Treating constant strings as dynamically initialized globals

Hi cfe-dev!

Consider the following code:
$ cat
extern const char* const AAA;
extern const char* const BBB;
const char* const AAA = “aaa”;

const char* const BBB = AAA;

“g++ -O0” and “clang++ -O0” behave differently: gcc emits both AAA and BBB as
linker-initialized constants, while Clang initializes BBB during static initialization:
$ g++ -O0 -c -o a.o ; objdump -d a.o

a.o: file format elf64-x86-64

$ ./bin/clang++ -O0 -c -o a.o ; objdump -d a.o
a.o: file format elf64-x86-64

Disassembly of section .text.startup:

0000000000000000 <__cxx_global_var_init>:

0: 55 push %rbp
1: 48 89 e5 mov %rsp,%rbp
4: 48 8b 04 25 00 00 00 mov 0x0,%rax
b: 00
c: 48 89 04 25 00 00 00 mov %rax,0x0
13: 00
14: 5d pop %rbp
15: c3 retq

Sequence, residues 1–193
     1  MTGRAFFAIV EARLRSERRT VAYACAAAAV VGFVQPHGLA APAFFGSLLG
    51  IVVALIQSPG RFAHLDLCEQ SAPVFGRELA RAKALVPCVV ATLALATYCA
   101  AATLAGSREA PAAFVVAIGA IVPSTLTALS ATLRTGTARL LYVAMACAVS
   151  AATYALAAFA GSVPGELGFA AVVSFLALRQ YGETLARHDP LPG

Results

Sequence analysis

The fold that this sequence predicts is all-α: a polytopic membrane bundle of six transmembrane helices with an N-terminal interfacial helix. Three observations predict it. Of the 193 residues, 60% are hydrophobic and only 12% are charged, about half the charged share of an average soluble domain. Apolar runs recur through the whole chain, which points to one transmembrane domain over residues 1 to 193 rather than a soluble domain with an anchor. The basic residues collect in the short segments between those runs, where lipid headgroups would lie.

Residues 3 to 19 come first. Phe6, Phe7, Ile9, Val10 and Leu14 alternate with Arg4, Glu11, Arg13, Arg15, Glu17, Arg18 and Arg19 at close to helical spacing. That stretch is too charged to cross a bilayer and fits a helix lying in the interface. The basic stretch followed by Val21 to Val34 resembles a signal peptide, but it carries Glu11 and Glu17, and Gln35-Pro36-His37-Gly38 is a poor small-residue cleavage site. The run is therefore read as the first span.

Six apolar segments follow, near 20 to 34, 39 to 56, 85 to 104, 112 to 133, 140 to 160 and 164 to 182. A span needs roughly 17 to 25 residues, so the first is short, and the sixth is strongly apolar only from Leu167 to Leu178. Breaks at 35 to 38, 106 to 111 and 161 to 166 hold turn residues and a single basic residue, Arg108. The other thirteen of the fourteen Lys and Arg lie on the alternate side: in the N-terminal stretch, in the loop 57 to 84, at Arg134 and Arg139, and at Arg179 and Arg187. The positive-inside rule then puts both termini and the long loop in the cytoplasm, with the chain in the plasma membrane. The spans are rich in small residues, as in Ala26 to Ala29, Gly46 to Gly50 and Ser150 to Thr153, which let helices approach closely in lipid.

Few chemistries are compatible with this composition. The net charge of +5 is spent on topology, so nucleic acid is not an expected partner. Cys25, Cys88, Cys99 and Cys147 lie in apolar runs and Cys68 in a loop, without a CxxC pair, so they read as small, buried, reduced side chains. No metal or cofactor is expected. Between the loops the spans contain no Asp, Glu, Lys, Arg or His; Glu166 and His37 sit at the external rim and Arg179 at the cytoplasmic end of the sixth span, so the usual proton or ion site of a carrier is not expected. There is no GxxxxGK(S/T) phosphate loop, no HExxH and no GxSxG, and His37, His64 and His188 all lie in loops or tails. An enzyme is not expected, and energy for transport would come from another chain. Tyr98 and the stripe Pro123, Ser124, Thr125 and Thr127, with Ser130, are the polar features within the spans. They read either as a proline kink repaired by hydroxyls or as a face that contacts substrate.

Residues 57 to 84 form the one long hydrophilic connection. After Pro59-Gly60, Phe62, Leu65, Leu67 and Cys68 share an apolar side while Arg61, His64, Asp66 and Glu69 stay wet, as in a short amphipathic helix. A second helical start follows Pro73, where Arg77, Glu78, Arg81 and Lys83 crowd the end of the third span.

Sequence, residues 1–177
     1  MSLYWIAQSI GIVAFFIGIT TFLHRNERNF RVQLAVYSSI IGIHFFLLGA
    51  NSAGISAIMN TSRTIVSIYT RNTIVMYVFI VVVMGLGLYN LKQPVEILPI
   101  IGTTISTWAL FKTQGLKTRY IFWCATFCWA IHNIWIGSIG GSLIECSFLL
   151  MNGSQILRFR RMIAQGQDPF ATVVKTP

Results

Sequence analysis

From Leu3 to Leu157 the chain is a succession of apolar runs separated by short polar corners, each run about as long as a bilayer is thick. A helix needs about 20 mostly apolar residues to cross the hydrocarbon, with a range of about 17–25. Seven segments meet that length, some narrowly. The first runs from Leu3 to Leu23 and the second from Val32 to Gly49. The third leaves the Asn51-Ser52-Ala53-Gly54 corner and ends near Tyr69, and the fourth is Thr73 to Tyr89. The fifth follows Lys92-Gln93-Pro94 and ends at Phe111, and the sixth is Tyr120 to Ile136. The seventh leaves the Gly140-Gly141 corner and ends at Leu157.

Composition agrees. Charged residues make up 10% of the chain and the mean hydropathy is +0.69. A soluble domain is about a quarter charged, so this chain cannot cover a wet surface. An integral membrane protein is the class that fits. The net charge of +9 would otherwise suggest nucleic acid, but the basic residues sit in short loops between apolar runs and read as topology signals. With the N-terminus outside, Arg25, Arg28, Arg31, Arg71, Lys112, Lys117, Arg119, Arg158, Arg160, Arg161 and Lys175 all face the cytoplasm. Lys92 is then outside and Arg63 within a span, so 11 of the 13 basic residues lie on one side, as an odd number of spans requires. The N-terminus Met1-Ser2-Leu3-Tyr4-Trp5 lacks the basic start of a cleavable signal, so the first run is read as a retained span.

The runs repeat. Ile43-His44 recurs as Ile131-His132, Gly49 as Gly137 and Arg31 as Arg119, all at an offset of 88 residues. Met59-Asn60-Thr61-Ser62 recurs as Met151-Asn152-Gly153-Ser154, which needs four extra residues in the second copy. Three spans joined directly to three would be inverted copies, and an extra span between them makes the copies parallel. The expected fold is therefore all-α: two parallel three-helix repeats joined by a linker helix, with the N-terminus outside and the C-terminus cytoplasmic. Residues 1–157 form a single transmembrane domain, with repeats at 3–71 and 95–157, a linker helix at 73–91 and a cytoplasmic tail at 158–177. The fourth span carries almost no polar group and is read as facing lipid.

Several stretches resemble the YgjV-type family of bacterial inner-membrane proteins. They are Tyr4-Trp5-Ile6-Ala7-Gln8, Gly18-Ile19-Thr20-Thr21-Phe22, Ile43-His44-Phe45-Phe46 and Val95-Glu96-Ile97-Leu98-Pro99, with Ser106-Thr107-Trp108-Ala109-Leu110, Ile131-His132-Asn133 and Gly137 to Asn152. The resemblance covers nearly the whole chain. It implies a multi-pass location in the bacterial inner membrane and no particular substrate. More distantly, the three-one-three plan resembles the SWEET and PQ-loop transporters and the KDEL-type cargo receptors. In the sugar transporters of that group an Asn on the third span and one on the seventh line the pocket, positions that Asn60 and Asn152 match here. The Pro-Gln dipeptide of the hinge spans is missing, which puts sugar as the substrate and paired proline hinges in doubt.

16: 66 2e 0f 1f 84 00 00 nopw %cs:0x0(%rax,%rax,1)
1d: 00 00 00
0000000000000020 <_GLOBAL__I_a>:

20: 55 push %rbp
21: 48 89 e5 mov %rsp,%rbp
24: e8 d7 ff ff ff callq 0 <__cxx_global_var_init>
29: 5d pop %rbp
2a: c3 retq

Is Clang correct here? I imagine that user who wrote the code might expect the
“constant strings” to go in .rodata and be safely accessible during static initialization.

clang is correct in the sense that the C++ standard doesn't require the
compiler to use static initialization for BBB. [basic.start.init] is the
relevant section in the standard; "AAA" doesn't count as a constant
expression. You can "fix" this using constexpr.


I see. Another question is whether Clang should always do constant
initialization, although it's not required.

I would be better user experience IMHO.